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FLY FISHING THE LETORTE IN PENNSYLVANIA

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Vince Marinaro and Charlie Fox were skilled anglers who shared the waters of Letort Spring Run, and popularized it throughout time. This spring-fed, limestone creek averages 20 feet wide, and offers excellent, dry-fly fishing in a pristine setting of slow, glass water where even the most skilled anglers leave frustrated much of the time. Long leaders, light tippets, and large wild brown trout make this place an angler's dream come true.

Vince and Charlie once sat along the Letort, scratching their heads in an attempt to figure out the river that meandered in front of them. It was one filled with rising brown trout that were nearly impossible to catch. They came up with solutions such as longer leaders, light tippets, and even pioneered thorax-style dry flies, since traditional Catskill dries didn't seem to do the trick. Thanks to Vince and Charlie, they turned a creek of great importance to Pennsylvania's fisheries into a famous one.

Originating from limestone springs, the Letort flows north through meadows of grass and brush. Just south of Bonny Brook Road, begins the Heritage Trout Angling regulations area. The area extends 1.5 miles; From 300 yards above the bridge on Twp. Route 481 downstream (North) to the Reading Railroad Bridge at the southern edge of Letort Spring Park.

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This stretch is catch-and-release fly fishing, with barbless-hooks only. It is a great area that helps protect the river's wild browns that are so important here. In 1981, a large fish kill occurred as a result of pesticides used in watercress beds. The fishing commission did not stock fish, but instead allowed the wild fish that made it through to reproduce. Today, the stream has returned to its original numbers of wild browns.
Hatch Chart
Below Bonny Brook Quarry, after the Letort passes through an area of gravel-strewn riffles, it meanders through Marinaro's Meadow midway in the fly stretch. Here, large browns will intercept Olives and Sulphurs, as well as a variety of Terrestrials and Midges. Changing currents and multiple feeding lanes make it very difficult to get a "dead free" drift . Just below the end of the fly-fishing-only section, the Letort flows through Letort Spring Park where you'll still find good numbers of wild trout.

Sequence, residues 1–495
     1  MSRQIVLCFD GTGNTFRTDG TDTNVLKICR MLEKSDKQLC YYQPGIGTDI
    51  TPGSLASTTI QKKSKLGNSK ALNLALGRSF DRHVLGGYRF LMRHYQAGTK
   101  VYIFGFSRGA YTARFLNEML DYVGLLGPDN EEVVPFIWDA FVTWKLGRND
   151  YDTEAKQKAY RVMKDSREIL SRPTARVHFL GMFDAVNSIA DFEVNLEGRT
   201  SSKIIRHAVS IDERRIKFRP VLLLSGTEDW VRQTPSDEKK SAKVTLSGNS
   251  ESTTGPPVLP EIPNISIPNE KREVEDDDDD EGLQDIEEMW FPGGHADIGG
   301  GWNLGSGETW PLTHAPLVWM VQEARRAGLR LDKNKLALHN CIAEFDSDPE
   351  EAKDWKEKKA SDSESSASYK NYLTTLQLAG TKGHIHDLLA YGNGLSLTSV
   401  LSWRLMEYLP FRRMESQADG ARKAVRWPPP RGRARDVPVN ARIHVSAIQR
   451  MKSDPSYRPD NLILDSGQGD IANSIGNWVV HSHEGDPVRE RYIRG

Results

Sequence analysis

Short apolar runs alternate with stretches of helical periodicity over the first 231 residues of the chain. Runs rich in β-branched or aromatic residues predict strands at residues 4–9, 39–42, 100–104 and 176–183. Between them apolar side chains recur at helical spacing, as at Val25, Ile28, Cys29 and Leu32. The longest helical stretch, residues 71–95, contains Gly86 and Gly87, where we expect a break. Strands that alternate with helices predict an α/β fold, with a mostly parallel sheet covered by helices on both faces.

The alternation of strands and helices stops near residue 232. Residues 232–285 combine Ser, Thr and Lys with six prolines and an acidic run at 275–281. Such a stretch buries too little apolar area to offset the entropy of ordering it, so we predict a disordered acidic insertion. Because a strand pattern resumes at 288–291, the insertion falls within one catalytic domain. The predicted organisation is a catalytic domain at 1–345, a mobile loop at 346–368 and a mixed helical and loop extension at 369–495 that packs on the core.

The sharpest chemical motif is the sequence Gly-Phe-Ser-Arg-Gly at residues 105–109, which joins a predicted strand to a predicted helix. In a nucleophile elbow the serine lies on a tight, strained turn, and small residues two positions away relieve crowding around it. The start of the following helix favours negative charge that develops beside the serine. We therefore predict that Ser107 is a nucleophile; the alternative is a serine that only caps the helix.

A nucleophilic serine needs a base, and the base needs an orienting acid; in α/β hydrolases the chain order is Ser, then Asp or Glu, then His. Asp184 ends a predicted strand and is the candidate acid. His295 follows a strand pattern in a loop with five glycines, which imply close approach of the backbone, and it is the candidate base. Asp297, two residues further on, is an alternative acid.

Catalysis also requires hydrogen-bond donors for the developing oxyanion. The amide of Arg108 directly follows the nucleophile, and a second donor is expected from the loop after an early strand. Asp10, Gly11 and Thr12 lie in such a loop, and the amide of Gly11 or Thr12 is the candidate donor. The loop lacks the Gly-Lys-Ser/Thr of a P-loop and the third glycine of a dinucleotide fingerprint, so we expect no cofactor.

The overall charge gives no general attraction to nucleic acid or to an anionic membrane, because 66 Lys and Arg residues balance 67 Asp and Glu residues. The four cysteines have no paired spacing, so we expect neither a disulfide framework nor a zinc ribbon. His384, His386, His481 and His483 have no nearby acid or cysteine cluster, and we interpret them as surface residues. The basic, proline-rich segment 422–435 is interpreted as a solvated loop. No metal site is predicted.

Below the park, the Letort enters the town of Carlisle. Through Carlisle, the creek is not interesting to most people, until it reaches the barracks on the downstream side of town. Below Carlisle and just below the barracks at Post Road, the Letort returns to a great trout stream. Here the creek runs through some meadows and small developments before flowing into Conodoquinet Creek. This stretch also has many wild trout, and some are trophy size. The State also stocks fingerlings in the lower half of the river to help the population of trout that had been affected by a sewage problem from Carlisle down to the mouth of the Letort. The problem has since been brought under control, and the lower Letort is now a fabulous fishery.

Although Letort Spring Run is a famous Pennsylvania spring creek, there is usually plenty of room to fish. Like many of the more difficult rivers, anglers will fish it once or twice, and then give up. It is, however, a great experience, and the fish that you manage to catch are memorable. Be sure to use long leaders, light tippets, and a stealthy approach in order to fool these wild browns. Try false casting to the side of the fish instead of over their heads. This is recommended because false casting will spray water on top of these wild browns and will put them down. Then, you may have to wait several minutes before the fish will begin to rise again. So, make your first cast count.

Hatches on the Letort are not as prolific as on some of the other freestone streams. There still are good Olive and Sulphur hatches along with many Terrestrials, Midges, and Tricos during the summer. Cress Bugs also are important flies on the Letort, and should be included in your box if you plan to go there. When the water is off-color from rain, try using Woolly buggers, and a variety of other streamers. The next time you plan a trip to South Central Pennsylvania, be sure to stop by Letort Spring Run and fish for its famous wild browns.